Fifty-one years ago, to be exact. I met a blond angel at a health food store on the Upper West Side. The angel smiled at me. I smiled back. She was a dancer, a soloist at George Balanchine’s New York City Ballet. She was startled when I recognized her stage name, Deborah Flomine. She was even more startled when I talked about my favorite dancers—Allegra Kent, Jacques d’Amboise, Eddie Villella, and Patricia McBride, all of whom she’d danced with at Lincoln Center and other venues around the world when the company went on tour.
You weren’t supposed to meet a stranger at a health food store who could examine one of Balanchine’s ballets with all the incandescence of an x-ray machine. I was Debbie’s dark angel, I suppose. I must have reminded her of Nureyev, with my high cheekbones. We fell in love. Eventually we moved in together, into an apartment house on West 67th Street originally built for artists—it had magnificent studio space with northern exposure. Our landlady offered us a reasonable rent because she liked having a “young couple” in her domain.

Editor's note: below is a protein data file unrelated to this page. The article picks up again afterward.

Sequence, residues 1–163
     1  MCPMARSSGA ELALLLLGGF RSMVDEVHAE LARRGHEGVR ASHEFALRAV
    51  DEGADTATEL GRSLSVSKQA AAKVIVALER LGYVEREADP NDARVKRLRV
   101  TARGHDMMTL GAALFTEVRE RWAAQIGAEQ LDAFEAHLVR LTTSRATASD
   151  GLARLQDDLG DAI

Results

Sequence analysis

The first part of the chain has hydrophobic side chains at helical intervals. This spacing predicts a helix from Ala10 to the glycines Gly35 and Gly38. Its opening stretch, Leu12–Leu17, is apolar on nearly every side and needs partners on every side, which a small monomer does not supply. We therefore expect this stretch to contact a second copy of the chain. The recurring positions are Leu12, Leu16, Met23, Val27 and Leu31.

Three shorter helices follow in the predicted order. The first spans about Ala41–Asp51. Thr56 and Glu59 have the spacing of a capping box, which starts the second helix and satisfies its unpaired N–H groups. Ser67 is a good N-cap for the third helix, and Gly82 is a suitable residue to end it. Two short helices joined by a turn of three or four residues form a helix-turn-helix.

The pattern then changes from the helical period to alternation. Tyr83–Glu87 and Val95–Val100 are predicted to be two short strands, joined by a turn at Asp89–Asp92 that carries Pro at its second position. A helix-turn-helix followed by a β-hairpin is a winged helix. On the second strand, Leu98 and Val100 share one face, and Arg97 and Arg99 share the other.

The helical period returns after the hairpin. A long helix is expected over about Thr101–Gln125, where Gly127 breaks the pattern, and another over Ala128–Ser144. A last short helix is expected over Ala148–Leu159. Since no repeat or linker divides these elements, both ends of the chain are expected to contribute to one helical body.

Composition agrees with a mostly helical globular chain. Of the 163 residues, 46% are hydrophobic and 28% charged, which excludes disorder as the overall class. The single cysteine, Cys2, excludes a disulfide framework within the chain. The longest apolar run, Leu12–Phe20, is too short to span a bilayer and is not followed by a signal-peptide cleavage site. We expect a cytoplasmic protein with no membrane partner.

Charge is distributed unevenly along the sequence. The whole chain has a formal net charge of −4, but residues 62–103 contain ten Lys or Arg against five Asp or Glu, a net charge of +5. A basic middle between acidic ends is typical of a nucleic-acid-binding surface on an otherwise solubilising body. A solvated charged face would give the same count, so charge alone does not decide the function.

Unluckily, we lived on the same block as Balanchine, or Mr. B, as all his dancers and everyone else called him. He was famously possessive of his female dancers and didn’t like them to have boyfriends. Marriage might come next, and then a baby, and that could mark the end of Mr. B’s interest in that dancer’s career. A marriage might be forgiven, but a baby was most often a kiss of death.
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